Class: Aves Order: Ciconiiformes Family: Cathartidae Number of species: 7 species
The vultures living in the New World, North and South America, generally have dark black, brown, and gray feathers. However condors and king vultures also have some white feathers. The color of the skin on the birds' bare heads and necks are combinations of gray, red, blue, and yellow. The birds weigh between 2.1 pounds and 33 pounds (0.94 and 15 kilograms). The length of the birds in this family ranges from 23 to 53 inches (58 to 134 centimeters) from their beaks to the end of their tails.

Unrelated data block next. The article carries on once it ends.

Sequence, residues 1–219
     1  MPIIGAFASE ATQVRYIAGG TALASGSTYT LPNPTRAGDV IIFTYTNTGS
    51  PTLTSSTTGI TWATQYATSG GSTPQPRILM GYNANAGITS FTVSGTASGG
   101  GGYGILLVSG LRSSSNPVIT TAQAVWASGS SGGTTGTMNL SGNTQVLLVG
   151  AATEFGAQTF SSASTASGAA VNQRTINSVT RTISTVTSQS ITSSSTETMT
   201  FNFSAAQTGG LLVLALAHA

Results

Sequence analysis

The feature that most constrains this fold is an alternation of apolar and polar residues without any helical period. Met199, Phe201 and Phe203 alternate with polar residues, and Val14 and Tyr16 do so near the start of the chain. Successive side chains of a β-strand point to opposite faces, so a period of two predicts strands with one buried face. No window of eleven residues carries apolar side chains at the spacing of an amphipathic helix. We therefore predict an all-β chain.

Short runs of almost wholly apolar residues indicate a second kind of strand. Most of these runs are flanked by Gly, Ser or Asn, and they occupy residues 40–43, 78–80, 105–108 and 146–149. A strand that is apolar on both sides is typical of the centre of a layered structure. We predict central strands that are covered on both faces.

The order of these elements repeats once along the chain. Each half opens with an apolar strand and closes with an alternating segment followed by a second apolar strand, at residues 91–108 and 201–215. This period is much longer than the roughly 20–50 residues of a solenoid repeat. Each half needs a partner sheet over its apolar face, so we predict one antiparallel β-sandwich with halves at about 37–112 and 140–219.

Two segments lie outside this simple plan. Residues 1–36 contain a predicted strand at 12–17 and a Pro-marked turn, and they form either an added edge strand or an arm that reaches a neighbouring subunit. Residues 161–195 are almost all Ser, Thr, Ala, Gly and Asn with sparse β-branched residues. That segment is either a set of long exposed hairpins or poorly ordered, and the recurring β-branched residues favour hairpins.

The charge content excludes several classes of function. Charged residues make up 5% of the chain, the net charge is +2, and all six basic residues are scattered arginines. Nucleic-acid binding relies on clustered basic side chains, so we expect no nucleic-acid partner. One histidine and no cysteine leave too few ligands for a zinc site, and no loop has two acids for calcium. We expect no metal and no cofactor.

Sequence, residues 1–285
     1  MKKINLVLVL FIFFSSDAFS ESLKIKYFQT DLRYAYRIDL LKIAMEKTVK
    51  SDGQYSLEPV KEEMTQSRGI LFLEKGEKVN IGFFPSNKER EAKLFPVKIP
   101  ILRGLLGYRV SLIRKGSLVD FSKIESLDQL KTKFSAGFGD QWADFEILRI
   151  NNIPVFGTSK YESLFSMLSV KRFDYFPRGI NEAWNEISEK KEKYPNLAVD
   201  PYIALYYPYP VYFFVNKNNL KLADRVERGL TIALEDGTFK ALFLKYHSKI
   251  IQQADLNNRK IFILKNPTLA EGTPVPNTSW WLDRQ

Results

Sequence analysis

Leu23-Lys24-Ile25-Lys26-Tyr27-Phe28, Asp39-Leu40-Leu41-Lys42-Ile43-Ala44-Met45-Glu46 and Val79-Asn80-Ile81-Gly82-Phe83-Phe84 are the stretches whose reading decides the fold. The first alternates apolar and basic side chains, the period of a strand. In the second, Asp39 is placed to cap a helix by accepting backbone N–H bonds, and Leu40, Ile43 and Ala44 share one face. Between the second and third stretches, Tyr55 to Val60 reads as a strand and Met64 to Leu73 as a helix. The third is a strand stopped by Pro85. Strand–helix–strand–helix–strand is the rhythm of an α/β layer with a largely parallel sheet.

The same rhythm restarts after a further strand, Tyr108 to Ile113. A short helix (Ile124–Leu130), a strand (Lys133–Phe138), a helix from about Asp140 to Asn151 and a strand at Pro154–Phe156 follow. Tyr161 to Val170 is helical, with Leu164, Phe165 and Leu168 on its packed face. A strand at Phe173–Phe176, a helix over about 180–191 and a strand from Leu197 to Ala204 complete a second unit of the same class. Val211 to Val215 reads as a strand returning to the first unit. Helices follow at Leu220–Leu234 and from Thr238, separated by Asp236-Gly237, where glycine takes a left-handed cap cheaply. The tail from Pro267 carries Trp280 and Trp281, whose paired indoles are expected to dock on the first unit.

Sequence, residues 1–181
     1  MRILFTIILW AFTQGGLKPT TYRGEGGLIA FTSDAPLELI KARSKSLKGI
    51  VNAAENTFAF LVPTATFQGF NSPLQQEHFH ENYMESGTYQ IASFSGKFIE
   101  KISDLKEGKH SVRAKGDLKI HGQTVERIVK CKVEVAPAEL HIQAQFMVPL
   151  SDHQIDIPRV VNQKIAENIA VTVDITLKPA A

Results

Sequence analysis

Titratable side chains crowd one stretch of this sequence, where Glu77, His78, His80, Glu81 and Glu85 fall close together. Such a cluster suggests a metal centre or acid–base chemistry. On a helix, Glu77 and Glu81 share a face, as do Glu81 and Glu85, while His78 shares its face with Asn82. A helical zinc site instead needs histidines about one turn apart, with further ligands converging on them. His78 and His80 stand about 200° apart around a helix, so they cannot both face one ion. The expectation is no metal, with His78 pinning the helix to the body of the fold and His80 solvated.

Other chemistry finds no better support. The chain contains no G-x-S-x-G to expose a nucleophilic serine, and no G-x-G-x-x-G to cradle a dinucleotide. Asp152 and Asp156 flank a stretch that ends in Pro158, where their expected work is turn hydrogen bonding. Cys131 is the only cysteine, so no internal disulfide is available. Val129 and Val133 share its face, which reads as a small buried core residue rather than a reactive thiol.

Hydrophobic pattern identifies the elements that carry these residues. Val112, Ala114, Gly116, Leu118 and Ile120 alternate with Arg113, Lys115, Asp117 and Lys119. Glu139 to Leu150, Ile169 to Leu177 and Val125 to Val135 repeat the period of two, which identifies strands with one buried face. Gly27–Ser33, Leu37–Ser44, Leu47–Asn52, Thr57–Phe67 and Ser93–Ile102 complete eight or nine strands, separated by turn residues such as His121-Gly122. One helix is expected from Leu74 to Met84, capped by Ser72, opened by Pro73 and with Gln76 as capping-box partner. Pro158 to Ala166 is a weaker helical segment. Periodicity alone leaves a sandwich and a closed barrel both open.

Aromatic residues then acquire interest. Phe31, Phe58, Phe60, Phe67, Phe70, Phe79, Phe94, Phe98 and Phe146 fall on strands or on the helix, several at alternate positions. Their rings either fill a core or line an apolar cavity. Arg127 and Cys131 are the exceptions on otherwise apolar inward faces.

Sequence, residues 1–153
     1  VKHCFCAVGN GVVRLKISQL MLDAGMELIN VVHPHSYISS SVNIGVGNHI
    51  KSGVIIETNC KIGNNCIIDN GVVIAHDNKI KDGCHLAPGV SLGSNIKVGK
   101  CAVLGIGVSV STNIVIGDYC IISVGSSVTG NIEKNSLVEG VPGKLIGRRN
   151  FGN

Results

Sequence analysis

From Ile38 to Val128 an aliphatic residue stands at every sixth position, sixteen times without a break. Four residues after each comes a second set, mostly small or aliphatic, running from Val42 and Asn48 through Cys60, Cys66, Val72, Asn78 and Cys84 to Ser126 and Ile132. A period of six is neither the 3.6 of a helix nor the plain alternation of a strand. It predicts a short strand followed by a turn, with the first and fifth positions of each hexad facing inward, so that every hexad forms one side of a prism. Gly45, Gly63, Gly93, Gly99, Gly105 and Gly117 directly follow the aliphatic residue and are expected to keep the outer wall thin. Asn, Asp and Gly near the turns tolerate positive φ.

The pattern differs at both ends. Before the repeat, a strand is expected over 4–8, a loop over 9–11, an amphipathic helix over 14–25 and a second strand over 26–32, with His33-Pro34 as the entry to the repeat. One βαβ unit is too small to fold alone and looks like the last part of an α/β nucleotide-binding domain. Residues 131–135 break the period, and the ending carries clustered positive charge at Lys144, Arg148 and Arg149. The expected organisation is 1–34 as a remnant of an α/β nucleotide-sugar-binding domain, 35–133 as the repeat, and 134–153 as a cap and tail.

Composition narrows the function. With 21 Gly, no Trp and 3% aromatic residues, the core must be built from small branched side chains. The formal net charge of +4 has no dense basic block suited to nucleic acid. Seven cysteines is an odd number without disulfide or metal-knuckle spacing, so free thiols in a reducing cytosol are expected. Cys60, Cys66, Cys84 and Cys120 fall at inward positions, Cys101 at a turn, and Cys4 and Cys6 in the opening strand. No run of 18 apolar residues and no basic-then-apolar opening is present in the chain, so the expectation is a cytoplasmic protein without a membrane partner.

Until recently, New World vultures were grouped with hawks as birds of prey. But scientists have found that these vultures are more similar to storks than they are to hawks. For example, their feet are weak like storks, and they do not have the strong, grasping claws that hawks use to catch live animals.
New World vultures range from southern Canada to the southern tip of South America. The turkey vulture and the black vulture are the two most common vultures in North and South America, and they are sometimes called buzzards.
These birds can live in almost any habitat, from seashores to deserts to forests, as long as they can find carrion, dead and decaying animals, to eat. All vultures hunt by soaring high and looking down for food. However turkey vultures and yellow-headed phylum class subclass order monotypic order suborder family
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